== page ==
SHABUOT: What does it mean to be Jewish?

0
33

ועתה, אם-שמוע תשמעו בקולי, ושמרתם

את-בריתי – והייתם לי סגולה מכל-העמים

כי-לי כל-הארץ ואתם תהיו-לי ממלכת

כוהנים, וגוי קדוש

“And now, if you will listen to My commands and keep My covenant , you will become a treasure to Me (segula) among all peoples … and you will be to Me a kingdom of priests (mamlekhet kohanim)  and a holy nation (goy qadosh). ”  Shemot 19: 5-6

In Shabu’ot we celebrate our assignment as God’s Chosen People.  As such, we established a “pact” with God. The document that records the description and terms of that pact is called: TORA. When describing this pact, in the Pasuq mentioned above, the Tora calls the nation of Israel as “goy qadosh”.   “goy” means “nation”. But the next word, “qadosh” is very difficult to translate with one single English word. “Qadosh” could mean, according to the context: sacred, holy, special, separated, consecrated, unique, different, and more.

In the context of the covenant, which we commemorate in Shabu’ot,  qadosh means “chosen”, goy  qadosh “chosen” people.

Chosen for what?

We were chosen first and foremost to be God’s witnesses. In Shabu’ot, when we received the Tora, HaShem revealed Himself to the people of Israel. We saw no images, but we heard His voice.  We were, and still are, the sole witnesses of God’s existence. The case of God’s existence does not rest on philosophical or scientific evidences. It rests on the testimony of the Jewish people.  As the prophet Yesha’ayahu said: אַתֶּם עֵדַי, נְאֻם ה’, וְעַבְדִּי אֲשֶׁר בָּחָרְתִּי, לְמַעַן תֵּדְעוּ וְתַאֲמִינוּ לִי וְתָבִינוּ, כִּי אֲנִי הוּא, לְפָנַי לֹא נוֹצַר אֵל וְאַחֲרַי לֹא יִהְיֶה  “So says HaShem [to Israel] “You are My witnesses, My servant, whom I have chosen; so you will know and believe and make understand [the rest of the world] that I exists. There is no god before Me, no after Me”.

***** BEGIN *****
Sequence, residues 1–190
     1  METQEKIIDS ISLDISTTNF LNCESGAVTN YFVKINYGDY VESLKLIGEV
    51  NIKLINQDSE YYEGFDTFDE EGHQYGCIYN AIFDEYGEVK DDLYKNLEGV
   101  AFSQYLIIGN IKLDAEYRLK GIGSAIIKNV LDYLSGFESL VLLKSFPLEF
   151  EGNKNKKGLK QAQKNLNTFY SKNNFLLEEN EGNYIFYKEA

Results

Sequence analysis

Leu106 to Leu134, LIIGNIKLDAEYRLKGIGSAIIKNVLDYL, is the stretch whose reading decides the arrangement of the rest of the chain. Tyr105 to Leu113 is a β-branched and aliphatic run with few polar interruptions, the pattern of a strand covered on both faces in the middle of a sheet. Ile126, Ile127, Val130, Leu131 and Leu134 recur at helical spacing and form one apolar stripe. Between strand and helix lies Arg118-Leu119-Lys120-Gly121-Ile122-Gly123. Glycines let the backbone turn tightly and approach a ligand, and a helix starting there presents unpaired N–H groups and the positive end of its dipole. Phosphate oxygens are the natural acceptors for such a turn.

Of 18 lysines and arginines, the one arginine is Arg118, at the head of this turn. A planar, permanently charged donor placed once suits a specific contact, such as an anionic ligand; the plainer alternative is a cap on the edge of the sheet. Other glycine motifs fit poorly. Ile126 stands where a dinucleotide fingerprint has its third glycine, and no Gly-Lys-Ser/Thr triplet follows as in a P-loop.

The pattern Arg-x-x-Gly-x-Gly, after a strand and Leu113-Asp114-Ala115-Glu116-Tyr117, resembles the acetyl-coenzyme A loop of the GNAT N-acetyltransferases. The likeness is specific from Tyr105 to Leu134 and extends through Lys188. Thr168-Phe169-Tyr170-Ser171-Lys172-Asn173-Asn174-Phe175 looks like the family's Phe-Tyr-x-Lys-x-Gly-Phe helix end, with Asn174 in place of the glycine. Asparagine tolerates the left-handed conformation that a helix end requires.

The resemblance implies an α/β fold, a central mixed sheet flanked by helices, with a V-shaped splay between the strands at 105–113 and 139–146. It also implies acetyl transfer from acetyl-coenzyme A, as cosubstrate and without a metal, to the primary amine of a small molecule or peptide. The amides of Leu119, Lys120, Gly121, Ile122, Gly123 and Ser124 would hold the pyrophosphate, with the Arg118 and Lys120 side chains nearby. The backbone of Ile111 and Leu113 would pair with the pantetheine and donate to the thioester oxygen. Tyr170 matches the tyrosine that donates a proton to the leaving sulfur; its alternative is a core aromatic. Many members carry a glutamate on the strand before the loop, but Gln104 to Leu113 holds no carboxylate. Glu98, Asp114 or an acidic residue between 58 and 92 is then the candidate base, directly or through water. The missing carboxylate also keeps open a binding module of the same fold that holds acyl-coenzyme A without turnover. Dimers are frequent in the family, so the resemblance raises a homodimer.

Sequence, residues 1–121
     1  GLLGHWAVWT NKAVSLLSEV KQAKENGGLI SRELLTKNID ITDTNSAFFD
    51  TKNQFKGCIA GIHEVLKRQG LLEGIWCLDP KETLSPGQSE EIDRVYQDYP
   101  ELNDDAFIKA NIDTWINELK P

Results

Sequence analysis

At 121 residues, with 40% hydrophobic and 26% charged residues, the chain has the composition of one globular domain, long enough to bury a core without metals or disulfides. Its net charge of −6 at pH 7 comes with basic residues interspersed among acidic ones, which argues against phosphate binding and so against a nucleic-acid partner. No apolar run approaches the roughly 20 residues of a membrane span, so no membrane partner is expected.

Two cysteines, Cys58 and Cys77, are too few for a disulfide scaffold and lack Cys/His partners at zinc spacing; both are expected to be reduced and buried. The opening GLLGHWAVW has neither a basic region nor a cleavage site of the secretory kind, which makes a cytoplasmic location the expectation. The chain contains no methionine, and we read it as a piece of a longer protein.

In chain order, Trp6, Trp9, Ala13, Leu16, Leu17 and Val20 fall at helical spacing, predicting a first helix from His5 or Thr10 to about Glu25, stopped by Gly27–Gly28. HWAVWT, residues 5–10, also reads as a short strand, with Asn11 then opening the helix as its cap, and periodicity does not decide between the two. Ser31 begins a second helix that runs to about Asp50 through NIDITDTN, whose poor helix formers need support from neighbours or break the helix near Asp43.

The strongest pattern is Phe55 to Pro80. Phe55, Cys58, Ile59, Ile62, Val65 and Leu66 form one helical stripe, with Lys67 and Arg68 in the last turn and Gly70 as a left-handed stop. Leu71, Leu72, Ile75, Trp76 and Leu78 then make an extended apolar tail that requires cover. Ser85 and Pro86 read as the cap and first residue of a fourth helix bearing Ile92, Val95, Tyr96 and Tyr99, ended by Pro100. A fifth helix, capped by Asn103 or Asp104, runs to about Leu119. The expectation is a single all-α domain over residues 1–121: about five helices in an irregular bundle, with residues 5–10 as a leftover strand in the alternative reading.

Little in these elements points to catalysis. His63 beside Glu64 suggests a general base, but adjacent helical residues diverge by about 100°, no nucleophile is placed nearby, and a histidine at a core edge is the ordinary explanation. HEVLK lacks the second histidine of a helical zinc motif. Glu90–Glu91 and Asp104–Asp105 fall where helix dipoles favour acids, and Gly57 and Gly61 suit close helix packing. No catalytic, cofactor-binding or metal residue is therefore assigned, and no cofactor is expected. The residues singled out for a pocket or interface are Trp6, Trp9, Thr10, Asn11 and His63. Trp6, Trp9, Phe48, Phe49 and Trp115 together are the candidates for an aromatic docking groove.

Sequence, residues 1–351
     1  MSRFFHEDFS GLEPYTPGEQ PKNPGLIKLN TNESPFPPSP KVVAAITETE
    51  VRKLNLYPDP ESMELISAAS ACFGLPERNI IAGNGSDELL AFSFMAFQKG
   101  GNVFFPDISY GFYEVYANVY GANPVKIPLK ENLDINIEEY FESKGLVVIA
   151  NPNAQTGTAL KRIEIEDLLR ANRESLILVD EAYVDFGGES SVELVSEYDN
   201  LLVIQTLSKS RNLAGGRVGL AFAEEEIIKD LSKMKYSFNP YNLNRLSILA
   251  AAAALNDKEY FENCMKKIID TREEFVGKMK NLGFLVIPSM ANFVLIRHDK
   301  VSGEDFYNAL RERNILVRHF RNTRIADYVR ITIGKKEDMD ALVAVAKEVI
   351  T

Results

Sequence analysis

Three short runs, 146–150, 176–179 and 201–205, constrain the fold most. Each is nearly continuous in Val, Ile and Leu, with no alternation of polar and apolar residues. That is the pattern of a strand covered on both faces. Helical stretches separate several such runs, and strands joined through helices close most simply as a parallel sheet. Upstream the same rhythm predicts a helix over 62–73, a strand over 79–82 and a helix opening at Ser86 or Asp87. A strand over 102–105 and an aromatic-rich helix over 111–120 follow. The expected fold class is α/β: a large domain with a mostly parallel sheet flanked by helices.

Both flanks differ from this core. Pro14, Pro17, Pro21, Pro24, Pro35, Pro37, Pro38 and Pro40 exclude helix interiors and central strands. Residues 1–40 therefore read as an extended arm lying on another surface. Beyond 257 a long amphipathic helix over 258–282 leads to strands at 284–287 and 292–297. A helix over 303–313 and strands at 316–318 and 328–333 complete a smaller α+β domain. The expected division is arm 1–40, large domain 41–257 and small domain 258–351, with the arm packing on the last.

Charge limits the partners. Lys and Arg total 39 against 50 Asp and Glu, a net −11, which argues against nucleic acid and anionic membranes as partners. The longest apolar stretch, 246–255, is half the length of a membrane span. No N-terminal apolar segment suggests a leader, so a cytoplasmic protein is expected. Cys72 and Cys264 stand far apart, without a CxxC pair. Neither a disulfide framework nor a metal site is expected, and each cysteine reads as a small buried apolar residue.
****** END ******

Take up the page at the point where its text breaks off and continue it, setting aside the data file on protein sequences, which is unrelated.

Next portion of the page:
In one of his letters (Igeret Teman) Maimonides explains that the first thing a Jewish parent should teach his child is the story of Shabu’ot, known in Hebrew as  מעמד הר סיני , the event in which when we witnessed God’s existence at the feet of Mt. Sinai. This is what defines us, Jews, as the chosen people.

Conventional wisdom notwithstanding, to be the chosen people does not mean that we have more rights than other nations. On the contrary, it means that because we were witnesses of HaShem’s existence, HaShem expects from us an exemplary behavior. God will be examining our conduct closer than the rest of the nations. Perhaps, no one formulated this cardinal concept better than the prophet Amos (3:2). So said HaShem,      רק אתכם ידעתי מכל משפחות האדמה על כן אפקד עליכם את כל עונתיכם  “You alone [the people of Israel] I’ve known (=loved, chosen) from among all the families of the earth; therefore I will hold you to accountable for all your iniquities…”

To be the chosen people is not about having more rights but more obligations and particularly, more accountability. To be a Jew is a huge responsibility. If a Jew acts with dishonesty, misbehaves, offends, etc.,  then he disqualifies himself as one of HaShem’s witnesses, causing Hilul HaShem, i.e., “making the case for Creator weaker”.

To be a Jew implies the permanent awareness that the case for God rests on our living testimony.

שבת שלום